Skip to Navigation

Diocese of Charleston Bible Study + May 18, 2016

Acts 8:26-39
John 6:40-44

Acts 8:2 6-39 (NKJV) 
Now an angel of the Lord spoke to Philip, saying, "Arise and go toward the south along the road which goes down from Jerusalem to Gaza." This is desert. So he arose and went. And behold, a man of Ethi-opia, a eunuch of great authority under Candace the queen of the Ethiopians, who had charge of all her treasury, and had come to Jerusalem to worship, was returning. And sitting in his chariot, he was reading Isaiah the prophet. Then the Spirit said to Philip, "Go near and overtake this chariot." So Philip ran to him, and heard him reading the prophet Isaiah, and said, "Do you understand what you are reading?" And he said, "How can I, unless someone guides me?" And he asked Philip to come up and sit with him. The place in the Scripture which he read was this: "He was led as a sheep to the slaughter; and as a lamb before its shearer is silent, so He opened not His mouth. In His humiliation His justice was taken away, and who will declare His generation? For His life is taken from the earth." So the eunuch answered Philip and said, "I ask you, of whom does the prophet say this, of himself or of some other man?" Then Philip opened his mouth, and beginning at this Scripture, preached Jesus to him. Now as they went down the road, they came to some water. And the eunuch said, "See, here is water. What hinders me from being baptized?" Then Philip said, "If you believe with all your heart, you may." And he answered and said, "I believe that Jesus Christ is the Son of God." So he commanded the chariot to stand still. And both Philip and the eunuch went down into the water, and he baptized him. Now when they came up out of the water, the Spirit of the Lord caught Philip away, so that the eunuch saw him no more; and he went on his way rejoicing.

John 6:40-44 (NKJV)
The Lord said, "And this is the will of Him who sent Me, that everyone who sees the Son and believes in Him may have everlasting life; and I will raise him up at the last day." The Jews then complained about Him, because He said, "I am the bread which came down from heav-en." And they said, "Is not this Jesus, the son of Joseph, whose father and mother we know? How is it then that He says, 'I have come down from heaven'?" Jesus therefore answered and said to them, "Do not murmur among yourselves. No one can come to Me unless the Father who sent Me draws him; and I will raise him up at the last day."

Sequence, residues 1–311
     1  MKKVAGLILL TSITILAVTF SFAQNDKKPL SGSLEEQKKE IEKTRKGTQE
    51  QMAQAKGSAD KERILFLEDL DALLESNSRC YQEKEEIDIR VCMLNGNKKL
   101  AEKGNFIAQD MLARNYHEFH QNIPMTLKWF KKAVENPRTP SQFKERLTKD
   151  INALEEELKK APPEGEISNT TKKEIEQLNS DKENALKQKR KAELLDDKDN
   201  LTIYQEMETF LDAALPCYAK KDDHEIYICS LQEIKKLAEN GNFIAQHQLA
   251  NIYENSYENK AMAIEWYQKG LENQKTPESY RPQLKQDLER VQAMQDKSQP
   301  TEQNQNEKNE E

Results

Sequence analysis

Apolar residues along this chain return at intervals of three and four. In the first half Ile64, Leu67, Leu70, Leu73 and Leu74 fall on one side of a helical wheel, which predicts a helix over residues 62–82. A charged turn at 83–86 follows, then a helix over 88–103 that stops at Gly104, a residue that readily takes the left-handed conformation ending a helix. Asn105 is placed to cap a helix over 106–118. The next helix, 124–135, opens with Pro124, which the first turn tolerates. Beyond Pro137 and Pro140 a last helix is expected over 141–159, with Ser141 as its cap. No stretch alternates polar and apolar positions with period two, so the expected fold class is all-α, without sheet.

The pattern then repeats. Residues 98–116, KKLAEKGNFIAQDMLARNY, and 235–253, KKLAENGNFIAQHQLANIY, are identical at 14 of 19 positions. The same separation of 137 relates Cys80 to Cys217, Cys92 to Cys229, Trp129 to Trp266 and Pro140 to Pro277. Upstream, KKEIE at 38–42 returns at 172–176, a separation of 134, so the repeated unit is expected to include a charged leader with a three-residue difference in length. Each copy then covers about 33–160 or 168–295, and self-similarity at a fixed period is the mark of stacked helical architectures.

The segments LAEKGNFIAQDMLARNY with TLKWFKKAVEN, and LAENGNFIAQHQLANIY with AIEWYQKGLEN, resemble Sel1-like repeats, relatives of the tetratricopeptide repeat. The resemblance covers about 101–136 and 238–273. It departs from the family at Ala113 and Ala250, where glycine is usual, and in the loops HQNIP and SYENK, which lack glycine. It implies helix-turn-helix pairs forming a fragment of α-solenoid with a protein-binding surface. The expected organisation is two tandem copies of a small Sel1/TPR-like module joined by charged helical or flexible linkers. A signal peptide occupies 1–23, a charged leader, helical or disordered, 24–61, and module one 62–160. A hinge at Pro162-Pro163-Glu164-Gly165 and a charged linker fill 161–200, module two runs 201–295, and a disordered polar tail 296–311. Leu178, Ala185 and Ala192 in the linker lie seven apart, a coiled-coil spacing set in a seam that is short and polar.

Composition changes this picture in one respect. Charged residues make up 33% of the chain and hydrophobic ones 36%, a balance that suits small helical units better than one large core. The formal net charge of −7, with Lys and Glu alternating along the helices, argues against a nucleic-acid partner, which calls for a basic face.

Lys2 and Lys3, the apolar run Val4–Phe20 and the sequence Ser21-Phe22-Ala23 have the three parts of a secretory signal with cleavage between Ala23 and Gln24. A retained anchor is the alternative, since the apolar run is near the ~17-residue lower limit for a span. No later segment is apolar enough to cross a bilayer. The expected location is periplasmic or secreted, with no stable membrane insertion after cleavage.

Commentary 

In the prologue to his account of the Gospel, St. John said to us on Pascha night, "He came to His own, but His own received Him not." In today's Gospel reading, we are watching this theme play out in the Life of our Lord Himself. Jesus came as the Christ, the Messiah, the anointed king of the people of Judea. He came as precisely their Messiah, to fulfill promises and prophecies which had been made first and foremost to them. They were the nation that God had created in order to bear His Torah, His teaching, into the world. He had chosen them to receive His name. He had chosen them to live before the other nations in a new and different way, a way which would draw all of the other nations, ultimately, to come and worship the true and living God. They had failed in this mission, but Jesus had not come to condemn them any more than he came to condemn the rest of the world. He came rather to complete the mission which God had given them, and to draw all men to Himself.

Unfortunately, the Judean people had not just failed in their calling to be a light to the nations, and to be the people of their God, but they had actively rejected that calling. And so, when their Messiah came to them to fulfill this calling and to bring about their salvation and that of the world, they rejected Him as well. Because of this rejection, rather than salvation coming to the Judeans, judgment comes upon them instead, and this in both senses. The vast body of the Judeans who did not receive Jesus, who as St. John makes clear repeatedly, did not do so because they had chosen not to be God's people already, were cut off from the fulfillment of the promises made to their forefathers. At the same time, those who were true to their forefathers, to their love of God and their faith, were purified and found salvation. So, as in the parable of the wedding banquet, the festivities of the consummation of the nation of Israel did not spill out into the streets to include all the nations. Rather, much of Israel failed to attend, leaving open places at the table which our Lord desired most of all to fill.